Suppose someone suggested that the very acts of 'consciously choosing yourself' are themselves merely events that 'you' witness, as a passive observer of your own life?

Sartre would argue that the incoherence of this idea arises in the notion of what it is to 'observe' something. When I am observing a horse race, I can concentrate my attention on the leading horse, or horse in second place, or on the varying patterns as the horses catch and overtake one another. This 'concentrating my attention' is itself a free mental action, something I freely decide to do, either consciously or without thinking about it.

However, suppose it occurred to me that my turning my attention this way or that is itself merely an objective event that I can observe. What happens then is that I take a mental 'step up' and become aware of my deciding to turn my attention this way or that. And now we can say the very same thing again. I can think of myself as taking a mental step up as an 'objective event' only by taking a further step up.

In other words, however reflective I become, however many step ups I take, I have to view the 'I' at the top of this hierarchy as 'free'. It is impossible to view oneself wholly objectively. The 'I' always escapes.

Does that prove free will? Not exactly. What it proves is that there is an inherent impossibility of seeing ourselves objectively. The standpoint of the agent is necessarily one which involves the 'assumption' of free will.

Thomas Nagel in 'The View From Nowhere' (one book that I would recommend, although it is quite hard in places) offers an argument which relates to this conclusion. We can become aware of some of the causes which have led to our making the decisions that we make. We remember how we were brought up, and the formative experiences of our lives. But could we, in principle, become aware of all the causes of our actions? Nagel argues that, in order to occupy the standpoint of the agent there must necessarily be a 'penumbra of ignorance' concerning the causes of our actions.

Sartre's argument concerning the 'transcendence of the ego' plugs in to Nagel's argument, ruling out the escape route of saying that there might still be an 'I' which does not occupy the standpoint of an agent. Mental agency is still agency. Self-consciousness cannot be divorced from mental agency.

In my view, this is not so much an argument for 'free will' (as Sartre takes it) but rather an argument for the necessity of viewing ourselves 'as' free, which is not necessarily the same thing. I might turn out, as opponents of free will claim, that free will is merely a 'necessary illusion'.

In your essay, you also offer an argument against materialism. 'Surely my thoughts don't have the same existence as my body. For one thing you can't "see" thoughts, you can't "hear" thoughts, you can't "touch" thoughts, you can't "smell" thoughts.'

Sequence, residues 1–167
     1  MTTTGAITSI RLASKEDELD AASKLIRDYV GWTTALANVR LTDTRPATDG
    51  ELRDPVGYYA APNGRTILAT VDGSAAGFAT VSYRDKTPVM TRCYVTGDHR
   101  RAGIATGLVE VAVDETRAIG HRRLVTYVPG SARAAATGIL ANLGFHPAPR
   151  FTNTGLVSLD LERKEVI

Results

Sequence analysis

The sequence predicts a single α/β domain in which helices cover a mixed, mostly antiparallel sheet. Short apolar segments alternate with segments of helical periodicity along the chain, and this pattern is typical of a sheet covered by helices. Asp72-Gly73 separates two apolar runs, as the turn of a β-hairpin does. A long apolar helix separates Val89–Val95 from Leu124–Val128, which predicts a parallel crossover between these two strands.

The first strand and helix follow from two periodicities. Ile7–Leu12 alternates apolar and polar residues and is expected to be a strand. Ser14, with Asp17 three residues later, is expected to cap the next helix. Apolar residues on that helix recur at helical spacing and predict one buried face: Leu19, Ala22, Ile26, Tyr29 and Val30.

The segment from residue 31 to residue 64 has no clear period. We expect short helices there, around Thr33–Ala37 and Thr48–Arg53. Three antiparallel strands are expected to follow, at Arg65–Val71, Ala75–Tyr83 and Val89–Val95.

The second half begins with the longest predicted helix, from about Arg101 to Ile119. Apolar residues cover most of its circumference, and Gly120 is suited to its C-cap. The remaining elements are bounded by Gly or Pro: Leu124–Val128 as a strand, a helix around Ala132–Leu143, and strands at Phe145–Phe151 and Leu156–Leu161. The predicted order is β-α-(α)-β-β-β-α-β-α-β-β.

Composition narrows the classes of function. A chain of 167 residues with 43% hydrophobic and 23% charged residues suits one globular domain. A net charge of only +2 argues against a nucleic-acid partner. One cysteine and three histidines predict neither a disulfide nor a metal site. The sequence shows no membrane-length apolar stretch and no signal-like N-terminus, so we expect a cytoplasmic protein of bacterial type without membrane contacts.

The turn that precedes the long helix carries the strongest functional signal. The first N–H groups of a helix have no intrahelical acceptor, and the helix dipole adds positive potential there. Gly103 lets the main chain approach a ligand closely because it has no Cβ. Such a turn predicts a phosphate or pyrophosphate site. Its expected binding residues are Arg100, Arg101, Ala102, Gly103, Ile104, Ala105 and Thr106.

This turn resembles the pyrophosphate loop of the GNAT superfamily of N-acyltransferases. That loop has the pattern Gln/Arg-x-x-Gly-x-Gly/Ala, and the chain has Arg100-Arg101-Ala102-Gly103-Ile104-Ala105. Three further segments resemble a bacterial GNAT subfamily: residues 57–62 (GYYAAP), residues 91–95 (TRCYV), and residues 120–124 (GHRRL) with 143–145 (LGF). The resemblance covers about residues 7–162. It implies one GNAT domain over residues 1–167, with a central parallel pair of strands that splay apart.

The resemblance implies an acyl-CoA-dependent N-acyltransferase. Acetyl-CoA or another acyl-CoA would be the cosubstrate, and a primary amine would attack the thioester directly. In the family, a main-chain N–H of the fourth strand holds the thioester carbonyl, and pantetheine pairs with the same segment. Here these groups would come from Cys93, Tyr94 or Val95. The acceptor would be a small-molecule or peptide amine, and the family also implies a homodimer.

A materialist might reply that there are lots of things that 'exist' in the material world which can't be seen, heard, touched or tasted yet we are not tempted to posit their existence as 'immaterial' stuff. There are three books on my desk. But you can't see, hear, touch or taste the number three as such. (Or, at least, I can't.) At school I learned about Isaac Newton and his concept of gravity. Gravity is another thing one can't see, hear, touch or taste.

One view in the materialist camp compares the mind to a program. When you open up a computer to examine its electronic components, you can't 'see' the programs running on it. A good book to read on this is Daniel Dennett 'Consciousness Explained' which is available as a Pelican paperback.

All the best,

Geoffrey

Thursday, December 15, 2011

Quine's ontological relativity and the nature of concepts

To: Gordon F.
From: Geoffrey Klempner
Subject: Quine's ontological relativity and the nature of concepts
Date: 12 June 2006 08:47

Dear Gordon,

Thank you for your email of 31 May, with your third essay for the Philosophy of Language program, inspired by the question, 'What is the significance of Quine's doctrine of 'Ontological Relativity'? How does it contrast with 'linguistic relativism'?'

I won't criticize you for not 'answering the question' as your essay is merely 'inspired' by it rather than being intended as a response.

I would not be at all surprised if there was, or could be interesting science to do on the way the brain is organized in relation to concept possession. Nor would I be surprised if there were interesting and theoretically useful correlations between what one could say about human beings and what one could say about, e.g. dogs. (Incidentally, in relation to your remark about the fox, it is extremely important for animals to be able to recognize members of their 'kind' - dogs rarely, if ever, attempt to mate with foxes.)

This would not lead me to conclude that dogs have 'concepts'. What may be two examples of a 'kind' from the point of view of neuroscience (neural templates) may be very different when viewed from the point of view of the philosophy of language. There is nothing surprising or remarkable about this. Each science, including philosophy, seeks to carve its subject 'at the joints' to use Plato's pregnant metaphor, but the very same things may have different 'joints' depending on which science is dealing with them.